Ohio adopts the NAIC’s Insurance Data Security Model Law

Ohio adopts the NAIC’s Insurance Data Security Model Law | Insurance Business America

Ohio adopts the NAIC’s Insurance Data Security Model Law

Ohio recently became the third state to adopt cybersecurity legislation modeled after the National Association of Insurance Commissioners’ (NAIC) Insurance Data Security Model Law. This law, approved by the NAIC in 2017, requires insurance companies to set up cybersecurity testing, information security programs, and incident response plans for breach notification procedures.  

So far, only South Carolina, Michigan and Ohio have adopted the NAIC’s Insurance Data Security Model Law, but a number of other states have indicated they intend to follow suit in 2019. South Carolina, Michigan and Ohio have all adopted very similar versions of the model provision, meaning cybersecurity compliance is fairly consistent across the three states.

The first thing insurance companies need to do in order to avoid penalties and unintentional infractions is carry out an internal risk assessment, according to Jeffrey Taft, partner in Mayer Brown’s Financial Services Regulatory & Enforcement group. They need to look at their cybersecurity policy and tailor a program based upon their unique risk profile.

Read next: Leading industry trade group has problems with insurer cybersecurity law 

“Insurers also need to assess the cybersecurity of their third-party service providers, which are a large part of any financial services organization,” Taft told Insurance Business. “They need to do their due diligence on those third-party service providers, and they need to ensure their contractual provisions are adequate in terms of cybersecurity. That provision under the NAIC’s Insurance Data Security Model Law, similar to the New York cybersecurity legislation, has a long phase-in period to give insurance companies some time to modify their existing vendor contracts and include additional protections if necessary.

“A lot of the provisions required within the NAIC’s Insurance Data Security Model Law are things that a lot of insurance companies may already have. For example, a lot of companies will have an incident response plan in place that includes reporting procedures. What they might not have done is fully implement and test those policies. Implementation and testing are two key elements of any successful cybersecurity program.”

Insurance brokers operating in states that have adopted the NAIC’s Insurance Data Security Model Law must follow the same obligations and provisions as the insurance carriers. However, their risk profiles may differ depending on the size of their operations and their overall business appetite, Taft pointed out. The NAIC model is somewhat scalable in that it’s based upon a company’s individual risk assessment, so even if smaller brokerage firms lack the same cybersecurity resources as larger carriers, they can still tailor their procedures for compliance.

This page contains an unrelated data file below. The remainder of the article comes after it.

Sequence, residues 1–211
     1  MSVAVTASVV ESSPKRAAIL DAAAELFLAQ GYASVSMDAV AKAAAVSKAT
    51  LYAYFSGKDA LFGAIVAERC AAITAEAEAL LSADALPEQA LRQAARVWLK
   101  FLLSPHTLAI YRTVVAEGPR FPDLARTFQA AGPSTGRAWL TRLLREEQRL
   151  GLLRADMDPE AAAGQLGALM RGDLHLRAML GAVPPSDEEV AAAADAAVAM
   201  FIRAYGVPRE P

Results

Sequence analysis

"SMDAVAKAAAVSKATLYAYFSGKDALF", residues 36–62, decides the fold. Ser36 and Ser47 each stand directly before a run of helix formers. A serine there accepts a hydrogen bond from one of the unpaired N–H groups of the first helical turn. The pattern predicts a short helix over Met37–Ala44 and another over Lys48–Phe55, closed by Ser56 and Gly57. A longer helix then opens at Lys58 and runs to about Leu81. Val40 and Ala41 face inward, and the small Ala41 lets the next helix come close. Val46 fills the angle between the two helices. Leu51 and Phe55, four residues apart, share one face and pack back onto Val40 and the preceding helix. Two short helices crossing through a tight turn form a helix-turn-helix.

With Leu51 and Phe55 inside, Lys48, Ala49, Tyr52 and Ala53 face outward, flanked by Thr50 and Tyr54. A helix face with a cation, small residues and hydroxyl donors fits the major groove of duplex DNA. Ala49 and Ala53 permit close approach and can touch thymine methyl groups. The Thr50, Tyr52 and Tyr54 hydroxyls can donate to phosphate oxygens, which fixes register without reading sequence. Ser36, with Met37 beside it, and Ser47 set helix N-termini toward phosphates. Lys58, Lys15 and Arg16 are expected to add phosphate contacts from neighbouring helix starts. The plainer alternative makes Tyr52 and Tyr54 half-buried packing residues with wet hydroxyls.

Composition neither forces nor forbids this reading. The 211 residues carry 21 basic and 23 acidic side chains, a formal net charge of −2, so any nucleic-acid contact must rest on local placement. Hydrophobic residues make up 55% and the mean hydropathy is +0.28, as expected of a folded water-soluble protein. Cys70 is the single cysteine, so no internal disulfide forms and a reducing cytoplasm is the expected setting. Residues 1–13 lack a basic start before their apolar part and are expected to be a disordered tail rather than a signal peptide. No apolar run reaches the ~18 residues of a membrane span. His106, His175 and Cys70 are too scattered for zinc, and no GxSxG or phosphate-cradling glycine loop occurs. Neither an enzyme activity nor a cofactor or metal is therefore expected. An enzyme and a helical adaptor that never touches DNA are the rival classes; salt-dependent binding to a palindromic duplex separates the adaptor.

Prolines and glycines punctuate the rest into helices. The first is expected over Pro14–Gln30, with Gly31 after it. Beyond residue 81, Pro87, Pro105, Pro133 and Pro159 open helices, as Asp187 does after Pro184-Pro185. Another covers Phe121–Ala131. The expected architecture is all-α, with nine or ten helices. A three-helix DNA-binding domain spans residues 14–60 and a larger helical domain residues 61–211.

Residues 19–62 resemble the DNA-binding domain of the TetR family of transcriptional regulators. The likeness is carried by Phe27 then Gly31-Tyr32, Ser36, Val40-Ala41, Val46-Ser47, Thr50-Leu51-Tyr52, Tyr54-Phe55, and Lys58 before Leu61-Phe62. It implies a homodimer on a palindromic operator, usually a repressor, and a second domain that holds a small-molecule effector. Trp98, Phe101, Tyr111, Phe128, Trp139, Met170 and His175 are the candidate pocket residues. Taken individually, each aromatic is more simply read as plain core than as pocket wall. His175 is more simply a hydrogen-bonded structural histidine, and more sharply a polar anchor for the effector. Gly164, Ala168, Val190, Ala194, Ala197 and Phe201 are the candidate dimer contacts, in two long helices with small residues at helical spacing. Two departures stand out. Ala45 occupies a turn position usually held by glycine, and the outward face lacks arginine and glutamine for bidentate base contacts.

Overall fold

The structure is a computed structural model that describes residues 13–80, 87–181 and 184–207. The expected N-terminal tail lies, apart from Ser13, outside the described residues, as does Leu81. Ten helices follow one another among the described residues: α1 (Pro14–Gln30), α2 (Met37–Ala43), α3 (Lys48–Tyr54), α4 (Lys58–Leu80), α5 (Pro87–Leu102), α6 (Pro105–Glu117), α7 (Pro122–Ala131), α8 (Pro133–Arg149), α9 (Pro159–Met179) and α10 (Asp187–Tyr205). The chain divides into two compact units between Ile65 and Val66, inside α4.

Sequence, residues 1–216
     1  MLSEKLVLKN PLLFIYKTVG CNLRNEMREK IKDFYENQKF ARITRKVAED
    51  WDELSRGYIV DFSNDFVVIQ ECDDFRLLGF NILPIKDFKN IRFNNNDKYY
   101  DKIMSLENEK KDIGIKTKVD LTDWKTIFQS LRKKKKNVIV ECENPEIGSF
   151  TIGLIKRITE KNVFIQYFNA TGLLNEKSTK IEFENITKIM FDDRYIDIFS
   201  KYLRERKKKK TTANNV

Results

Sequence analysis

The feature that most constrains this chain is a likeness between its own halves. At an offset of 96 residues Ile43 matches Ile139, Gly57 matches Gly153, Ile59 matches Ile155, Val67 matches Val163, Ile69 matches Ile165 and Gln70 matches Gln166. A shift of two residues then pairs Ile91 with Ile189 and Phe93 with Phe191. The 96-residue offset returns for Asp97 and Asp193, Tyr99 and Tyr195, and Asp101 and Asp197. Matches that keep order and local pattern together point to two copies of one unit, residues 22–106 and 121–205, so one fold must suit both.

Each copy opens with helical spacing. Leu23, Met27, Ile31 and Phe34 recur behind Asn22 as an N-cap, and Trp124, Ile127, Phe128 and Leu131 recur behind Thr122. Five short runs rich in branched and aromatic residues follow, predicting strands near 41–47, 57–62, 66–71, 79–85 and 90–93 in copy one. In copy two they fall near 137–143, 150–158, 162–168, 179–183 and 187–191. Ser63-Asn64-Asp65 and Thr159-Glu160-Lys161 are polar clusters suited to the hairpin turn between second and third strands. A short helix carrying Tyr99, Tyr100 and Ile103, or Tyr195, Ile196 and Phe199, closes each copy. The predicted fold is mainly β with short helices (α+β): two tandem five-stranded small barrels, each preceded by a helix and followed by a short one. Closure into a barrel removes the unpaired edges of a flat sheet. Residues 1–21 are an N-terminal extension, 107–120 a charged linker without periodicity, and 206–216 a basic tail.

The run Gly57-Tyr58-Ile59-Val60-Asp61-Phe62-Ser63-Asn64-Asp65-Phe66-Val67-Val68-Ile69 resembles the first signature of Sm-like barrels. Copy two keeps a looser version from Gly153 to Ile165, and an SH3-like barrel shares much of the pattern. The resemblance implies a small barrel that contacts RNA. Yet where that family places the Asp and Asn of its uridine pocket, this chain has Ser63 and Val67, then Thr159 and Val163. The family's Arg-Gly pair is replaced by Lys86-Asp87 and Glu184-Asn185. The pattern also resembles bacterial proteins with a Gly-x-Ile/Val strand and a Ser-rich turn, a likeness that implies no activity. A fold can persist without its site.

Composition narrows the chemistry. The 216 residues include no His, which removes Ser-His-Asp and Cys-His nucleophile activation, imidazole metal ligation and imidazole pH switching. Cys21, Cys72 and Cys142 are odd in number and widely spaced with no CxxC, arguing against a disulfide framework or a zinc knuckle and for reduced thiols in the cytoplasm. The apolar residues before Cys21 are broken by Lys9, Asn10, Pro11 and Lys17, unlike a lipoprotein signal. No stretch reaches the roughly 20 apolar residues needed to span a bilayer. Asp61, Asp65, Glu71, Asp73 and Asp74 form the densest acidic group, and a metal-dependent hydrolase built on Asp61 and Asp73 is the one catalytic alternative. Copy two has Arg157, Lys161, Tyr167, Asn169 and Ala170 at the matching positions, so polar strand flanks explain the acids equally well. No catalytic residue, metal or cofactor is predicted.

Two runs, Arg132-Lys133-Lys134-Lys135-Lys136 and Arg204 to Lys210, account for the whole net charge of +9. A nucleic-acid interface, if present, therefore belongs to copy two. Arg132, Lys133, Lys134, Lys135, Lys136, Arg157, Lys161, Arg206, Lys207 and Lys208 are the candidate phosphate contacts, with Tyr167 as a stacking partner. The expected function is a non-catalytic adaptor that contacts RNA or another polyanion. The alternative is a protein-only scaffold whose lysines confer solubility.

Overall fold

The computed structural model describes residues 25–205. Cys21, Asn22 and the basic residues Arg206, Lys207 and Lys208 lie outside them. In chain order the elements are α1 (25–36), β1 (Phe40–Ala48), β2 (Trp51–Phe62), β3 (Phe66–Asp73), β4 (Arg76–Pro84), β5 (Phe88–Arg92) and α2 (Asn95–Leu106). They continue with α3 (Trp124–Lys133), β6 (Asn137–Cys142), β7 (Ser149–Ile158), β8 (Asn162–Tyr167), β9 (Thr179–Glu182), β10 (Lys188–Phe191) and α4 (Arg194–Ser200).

Read more: Are US insurers ready for a national GDPR-style privacy law?

A number of states have introduced, or are in the process of introducing, their own cybersecurity legislation. In February 2018, the New York Department of Financial Services (NYDFS) cybersecurity regulation (23 NYCRR 500) came into effect for all financial institutions in the state. The New York law has similar requirements to the NAIC’s Insurance Data Security Model Law, but it imposes some additional obligations and has some more stringent obligations. Generally, those complying with the New York law are fairly comfortable that they’re also in compliance with the NAIC provisions, according to Taft.

California is also proceeding with its own cybersecurity law, bill SB-327, which is due to come into effect on January 01, 2020. The Californian law, in contrast to the NAIC’s regulation, is much more focused on privacy rather than cybersecurity. Privacy also seems to be the primary focus at a federal legislative level, Taft noted.

“A lot of the discussion and the legislation that’s being proposed at a federal level right now is focused on privacy. We’ve seen it in the context of the Californian privacy act and also in Europe with the GDPR. There hasn’t, however, been much progress from a federal level on legislation regarding cybersecurity. That might explain why there has been a lot more developments into cybersecurity at state level,” he commented. 

“There are lots of critical industries in the US that aren’t yet subject to a federal privacy law, so I think that will continue to be the federal focus moving forward. Obviously, there has been some attempt at a federal level to increase cybersecurity programs and increase information sharing between critical infrastructure, but that has been more through executive orders and other things of that nature. There hasn’t been a lot of legislation around that per say.”

The federal government has taken note of the NAIC’s Insurance Data Security Model Law. The federal trade commission recently proposed a customer information safeguarding rule that draws very heavily upon the NAIC’s model rules and the NYDFS cybersecurity legislation. If more and more states start to adopt the NAIC model, it could essentially become “a de facto standard” at a federal level, according to Taft.